I haven't eaten a tremendous amount of Grass Fed beef.   But one of the points mentioned above was the richness of flavor.   I have always associated marbling with flavor - but this is making me want to try some grass fed.

    One of the questions I was looking for when starting this was - Am I missing something not eating more Grass Fed beef?   Have seen enough that I need to try some more grass fed for the flavor.

    The challenge I think - is that the USDA grading system is heavily oriented towards marbling - so - tougher to find Prime graded grass fed.    So is it apples to apples?

    In the end, we all buy and eat what WE individually like.

    Just my opinion.

    Cookin in Texas
  • I too love grass fed beef. It is hard to garde beef on the hoof? I have known a few ole timers who can do it with prefection. Back in the days of local cattle yards which by the way a lot of counties in the south still have. The ole timers can look and tell what they are buying. Because they know everyone and they know what they raise.  I still know families who butcher pork and beef in the fall and can all of the vegies they grow. The good loe days are still alive in WNC.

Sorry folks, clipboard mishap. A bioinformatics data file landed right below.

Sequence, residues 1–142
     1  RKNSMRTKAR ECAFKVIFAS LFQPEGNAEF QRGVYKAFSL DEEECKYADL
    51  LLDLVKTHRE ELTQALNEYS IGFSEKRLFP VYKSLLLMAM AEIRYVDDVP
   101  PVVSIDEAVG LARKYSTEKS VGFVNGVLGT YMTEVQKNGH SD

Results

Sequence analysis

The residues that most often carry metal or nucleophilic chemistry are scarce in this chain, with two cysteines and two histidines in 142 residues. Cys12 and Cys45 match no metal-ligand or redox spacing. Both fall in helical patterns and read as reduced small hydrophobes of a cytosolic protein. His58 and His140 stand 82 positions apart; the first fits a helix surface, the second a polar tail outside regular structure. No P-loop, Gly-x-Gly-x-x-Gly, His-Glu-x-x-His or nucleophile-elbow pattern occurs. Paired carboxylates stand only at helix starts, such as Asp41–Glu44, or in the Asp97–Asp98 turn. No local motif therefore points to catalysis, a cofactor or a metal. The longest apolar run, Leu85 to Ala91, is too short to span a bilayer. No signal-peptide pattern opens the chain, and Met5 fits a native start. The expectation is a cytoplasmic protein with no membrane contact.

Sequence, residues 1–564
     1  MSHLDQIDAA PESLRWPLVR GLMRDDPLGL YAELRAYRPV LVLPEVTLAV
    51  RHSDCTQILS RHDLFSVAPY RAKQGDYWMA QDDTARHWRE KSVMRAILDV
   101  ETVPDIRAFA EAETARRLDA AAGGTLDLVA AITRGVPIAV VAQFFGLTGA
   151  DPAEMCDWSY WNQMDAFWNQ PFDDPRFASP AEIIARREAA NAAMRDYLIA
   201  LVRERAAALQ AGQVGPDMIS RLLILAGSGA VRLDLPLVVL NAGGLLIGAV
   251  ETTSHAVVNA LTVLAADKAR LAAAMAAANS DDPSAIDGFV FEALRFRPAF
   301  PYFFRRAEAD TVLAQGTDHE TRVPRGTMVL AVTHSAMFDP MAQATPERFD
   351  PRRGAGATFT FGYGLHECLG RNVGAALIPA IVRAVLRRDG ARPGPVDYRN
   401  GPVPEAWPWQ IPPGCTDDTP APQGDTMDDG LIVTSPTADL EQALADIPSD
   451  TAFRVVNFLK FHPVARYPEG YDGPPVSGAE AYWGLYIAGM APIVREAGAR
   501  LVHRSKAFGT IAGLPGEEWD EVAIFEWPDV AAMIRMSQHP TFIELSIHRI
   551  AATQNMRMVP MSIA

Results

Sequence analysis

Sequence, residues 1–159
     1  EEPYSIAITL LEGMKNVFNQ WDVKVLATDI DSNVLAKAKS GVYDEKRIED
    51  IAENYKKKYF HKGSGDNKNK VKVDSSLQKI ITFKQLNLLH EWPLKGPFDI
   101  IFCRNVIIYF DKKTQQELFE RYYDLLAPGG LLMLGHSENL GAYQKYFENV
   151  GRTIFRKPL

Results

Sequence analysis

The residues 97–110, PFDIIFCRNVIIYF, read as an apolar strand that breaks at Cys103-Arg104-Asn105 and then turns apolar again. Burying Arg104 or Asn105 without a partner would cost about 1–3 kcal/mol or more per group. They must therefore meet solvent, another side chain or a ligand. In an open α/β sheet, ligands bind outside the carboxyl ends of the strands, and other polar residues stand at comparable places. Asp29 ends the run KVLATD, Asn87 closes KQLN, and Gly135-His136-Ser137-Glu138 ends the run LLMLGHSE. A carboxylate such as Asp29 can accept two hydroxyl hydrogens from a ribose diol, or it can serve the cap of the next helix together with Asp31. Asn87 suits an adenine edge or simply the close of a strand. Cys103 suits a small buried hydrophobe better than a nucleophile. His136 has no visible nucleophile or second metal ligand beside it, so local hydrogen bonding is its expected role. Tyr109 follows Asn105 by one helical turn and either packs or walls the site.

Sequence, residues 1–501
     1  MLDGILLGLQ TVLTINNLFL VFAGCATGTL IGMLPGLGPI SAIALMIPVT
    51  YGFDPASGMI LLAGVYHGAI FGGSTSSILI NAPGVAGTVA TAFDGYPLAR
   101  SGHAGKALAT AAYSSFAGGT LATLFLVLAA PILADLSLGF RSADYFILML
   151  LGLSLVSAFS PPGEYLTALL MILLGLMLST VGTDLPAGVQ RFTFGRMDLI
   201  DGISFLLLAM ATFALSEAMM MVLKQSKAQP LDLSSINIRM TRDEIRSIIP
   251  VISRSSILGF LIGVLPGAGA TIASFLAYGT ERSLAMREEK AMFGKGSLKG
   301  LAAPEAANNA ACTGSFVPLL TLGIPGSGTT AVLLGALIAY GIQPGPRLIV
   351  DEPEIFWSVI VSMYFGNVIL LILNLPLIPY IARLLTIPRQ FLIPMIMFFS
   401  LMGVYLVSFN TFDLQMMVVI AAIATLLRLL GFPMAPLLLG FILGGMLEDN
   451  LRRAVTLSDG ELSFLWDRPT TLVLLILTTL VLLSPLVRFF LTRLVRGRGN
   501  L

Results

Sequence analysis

Located in Western North Carolina
  • gdenbygdenby Posts: 5,829
    Boatbum has a bunch of good points in his post. Specially about the quality from small producers. Here is one small story. My daughter-in-law's family has a small herd they let graze across the farm. Their steaks taste wonderful, if a little tough. The Dad's opinion is that "They're good enough for us, but I wouldn't sell them."

    For me, it has come down to eating cuts that are not steaks. As boatbum mentions:

    "The challenge I think - is that the USDA grading system is heavily
    oriented towards marbling - so - tougher to find Prime graded grass
    fed. "

    If I'm looking for shank or neck bones, I'm not much concerned with marbling.  Those cuts will have more  flavor from any animal. But the grass fed ones have the edge. Don't know why. Pork fat improves from what the pig eats, but beef? Maybe the flavor goes into the meat. Don't know.

    Maybe its a matter of "If you want a steak, look for an animal that has been bred for fat, and given lots of grain. If you want a great stew, look for an animal that grazed over fertile pastures, and is ready for a long winter with less."
  • I gave grass fed beef an honest try but I stopped buying it. It is tough and flavorless, IMO.

    If I want a lean burger, I buy buffalo:

    Buffalo Burgers
    I'm Kristi ~ Live in FL ~ BGE since 2003.
    I write about food & travel on Necessary Indulgences.